Montefiore Medical Center Bronx, NY, United States
Sheema Zafar, MD, Tehseen Haider, MD, Hilary I. Hertan, MD, FACG Montefiore Medical Center, Bronx, NY
Introduction: Common Variable Immune Deficiency (CVID) is a primary immune deficiency disorder characterized by loss of B cell function. The prevalence of CVID is estimated to be between 1/125,000 to 1/50,000 in Caucasians. Acute and chronic diarrhea appears to be one of the common symptoms. According to literature review 2-4% of CVID cases present with symptoms of IBD. Here we present a case with CVID associated inflammatory enteropathy.
Case Description/Methods: A 58 year old female came in to the Emergency Department complaining of lower abdominal pain. She had a past medical history of CVID being treated with intravenous immunoglobulin (IVIG) for 8 years. Physical exam revealed tenderness in the lower abdomen. Rectal exam was normal. Her Hemoglobin was 9.1g/dl (baseline 10-11g/dl) with hematocrit of 27.3%. She underwent Endoscopy and Colonoscopy which showed nodular lymphoid hyperplasia in the duodenum (CVID manifestation), ulceration and narrowing in the terminal ileum and sigmoid colon. The biopsy showed decreased plasma cells with lymphoid aggregates and evidence of cryptitis in the terminal ileum and sigmoid colon. Stool calprotectin was 3260 mcgs/g (normal level < 50). MR enterography showed terminal ileal thickening. She was started on vedolizumab which improved her symptoms significantly.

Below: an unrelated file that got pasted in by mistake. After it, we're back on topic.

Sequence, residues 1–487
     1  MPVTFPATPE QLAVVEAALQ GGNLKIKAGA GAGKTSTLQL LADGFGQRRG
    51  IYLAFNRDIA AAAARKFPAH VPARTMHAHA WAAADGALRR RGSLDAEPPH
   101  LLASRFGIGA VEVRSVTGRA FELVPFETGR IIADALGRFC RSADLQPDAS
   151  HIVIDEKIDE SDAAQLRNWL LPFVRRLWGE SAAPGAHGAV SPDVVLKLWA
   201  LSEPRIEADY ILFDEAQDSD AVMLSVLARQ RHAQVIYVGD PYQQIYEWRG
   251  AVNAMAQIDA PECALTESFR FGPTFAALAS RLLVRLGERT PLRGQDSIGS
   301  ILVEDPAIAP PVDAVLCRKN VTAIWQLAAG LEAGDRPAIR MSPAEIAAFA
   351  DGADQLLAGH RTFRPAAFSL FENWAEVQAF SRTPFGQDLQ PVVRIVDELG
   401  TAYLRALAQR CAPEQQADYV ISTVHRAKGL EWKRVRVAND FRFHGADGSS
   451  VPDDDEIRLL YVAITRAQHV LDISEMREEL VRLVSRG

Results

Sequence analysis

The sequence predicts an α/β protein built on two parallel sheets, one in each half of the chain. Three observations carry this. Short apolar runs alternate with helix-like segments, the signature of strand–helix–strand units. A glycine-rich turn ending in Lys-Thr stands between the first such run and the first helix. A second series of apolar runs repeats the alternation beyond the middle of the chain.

Discussion: CVID is characterized by low levels of immunoglobulins, lack of B cells and T cells defects. GI disorders are common manifestations in CVID. Incidence of IBD-like colitis is seen in 2-4% of such patients. Resnick-et-al reported in 473 patients who were followed for four decades, 20 of them developed IBD-like colitis. CVID-related colitis presents with diarrhea, abdominal pain and fever with endoscopic findings of ulcers that usually occurs in the terminal ileum. Pathology shows T cells, granulomas and lack of plasma cells in the majority of the patients. The difference between Crohn's disease from CVID-associated CD is based on histological findings, with absence of plasma cells that are characteristic of the latter disorder. Patients with Crohn’s-like symptoms in CVID can be treated similarly to the patients with classic IBD with corticosteroids and immunosuppressive agents. Vedolizumab is a humanized monoclonal antibody that binds to alpha4 beta7 integrin and inhibits the migration of effector T-lymphocytes into gastrointestinal tissue. In 2017, Boland et al. published a study of three patients with CVID and gut inflammation, two of whom were successfully treated with vedolizumab.
Figure: Image A: Nodular mucosa in second portion of duodenum Image B: Multiple ulcers in terminal ileum Image C and D: 1.7 cm segment of terminal ileum circumferential bowel wall thickening with mucosal hyperenhancement and submucosal edema
Disclosures: Sheema Zafar indicated no relevant financial relationships. Tehseen Haider indicated no relevant financial relationships. Hilary Hertan indicated no relevant financial relationships.
Sheema Zafar, MD, Tehseen Haider, MD, Hilary I. Hertan, MD, FACG. P0604 - A Rare Case of Common Variable Immunodeficiency With Crohn's-Like Phenotype, ACG 2021 Annual Scientific Meeting Abstracts. Las Vegas, Nevada: American College of Gastroenterology.